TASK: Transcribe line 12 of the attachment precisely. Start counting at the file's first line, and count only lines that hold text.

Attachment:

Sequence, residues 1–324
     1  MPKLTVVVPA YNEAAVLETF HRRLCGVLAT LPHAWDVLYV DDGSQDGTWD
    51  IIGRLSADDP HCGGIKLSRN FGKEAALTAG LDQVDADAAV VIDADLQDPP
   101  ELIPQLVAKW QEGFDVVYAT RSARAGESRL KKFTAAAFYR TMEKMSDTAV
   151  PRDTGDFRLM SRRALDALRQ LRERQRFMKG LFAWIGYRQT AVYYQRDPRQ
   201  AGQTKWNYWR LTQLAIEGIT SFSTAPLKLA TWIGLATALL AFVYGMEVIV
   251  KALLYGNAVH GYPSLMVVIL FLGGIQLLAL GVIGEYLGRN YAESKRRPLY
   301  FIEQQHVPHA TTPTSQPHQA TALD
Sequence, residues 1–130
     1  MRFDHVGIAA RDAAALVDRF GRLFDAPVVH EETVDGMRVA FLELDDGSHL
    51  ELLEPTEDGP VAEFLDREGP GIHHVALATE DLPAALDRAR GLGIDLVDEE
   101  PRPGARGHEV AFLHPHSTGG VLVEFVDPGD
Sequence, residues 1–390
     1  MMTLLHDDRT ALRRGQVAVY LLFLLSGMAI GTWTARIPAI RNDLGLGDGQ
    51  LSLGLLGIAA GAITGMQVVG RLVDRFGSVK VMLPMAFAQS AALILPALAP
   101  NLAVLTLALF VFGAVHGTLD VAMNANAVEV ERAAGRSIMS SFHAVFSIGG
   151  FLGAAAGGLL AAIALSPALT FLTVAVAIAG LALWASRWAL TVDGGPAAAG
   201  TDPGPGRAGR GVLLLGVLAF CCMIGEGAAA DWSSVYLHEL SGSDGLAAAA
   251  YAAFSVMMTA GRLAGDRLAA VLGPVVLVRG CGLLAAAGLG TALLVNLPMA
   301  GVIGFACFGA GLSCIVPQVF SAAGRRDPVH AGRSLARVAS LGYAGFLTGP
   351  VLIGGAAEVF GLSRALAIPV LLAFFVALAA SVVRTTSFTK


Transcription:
   101  PRPGARGHEV AFLHPHSTGG VLVEFVDPGD